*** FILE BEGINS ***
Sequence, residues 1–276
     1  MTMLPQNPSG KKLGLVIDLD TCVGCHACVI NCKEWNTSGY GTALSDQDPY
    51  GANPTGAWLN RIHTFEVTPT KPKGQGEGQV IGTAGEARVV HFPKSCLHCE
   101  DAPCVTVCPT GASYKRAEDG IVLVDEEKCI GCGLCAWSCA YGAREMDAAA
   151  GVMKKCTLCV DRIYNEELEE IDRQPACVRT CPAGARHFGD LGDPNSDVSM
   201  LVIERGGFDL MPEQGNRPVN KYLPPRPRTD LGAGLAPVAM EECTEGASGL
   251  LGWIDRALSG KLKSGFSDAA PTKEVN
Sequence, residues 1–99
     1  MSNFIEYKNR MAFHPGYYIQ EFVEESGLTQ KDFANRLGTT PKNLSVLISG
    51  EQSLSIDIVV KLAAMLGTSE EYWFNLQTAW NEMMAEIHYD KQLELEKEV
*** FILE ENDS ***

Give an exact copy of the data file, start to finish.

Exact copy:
Sequence, residues 1–276
     1  MTMLPQNPSG KKLGLVIDLD TCVGCHACVI NCKEWNTSGY GTALSDQDPY
    51  GANPTGAWLN RIHTFEVTPT KPKGQGEGQV IGTAGEARVV HFPKSCLHCE
   101  DAPCVTVCPT GASYKRAEDG IVLVDEEKCI GCGLCAWSCA YGAREMDAAA
   151  GVMKKCTLCV DRIYNEELEE IDRQPACVRT CPAGARHFGD LGDPNSDVSM
   201  LVIERGGFDL MPEQGNRPVN KYLPPRPRTD LGAGLAPVAM EECTEGASGL
   251  LGWIDRALSG KLKSGFSDAA PTKEVN
Sequence, residues 1–99
     1  MSNFIEYKNR MAFHPGYYIQ EFVEESGLTQ KDFANRLGTT PKNLSVLISG
    51  EQSLSIDIVV KLAAMLGTSE EYWFNLQTAW NEMMAEIHYD KQLELEKEV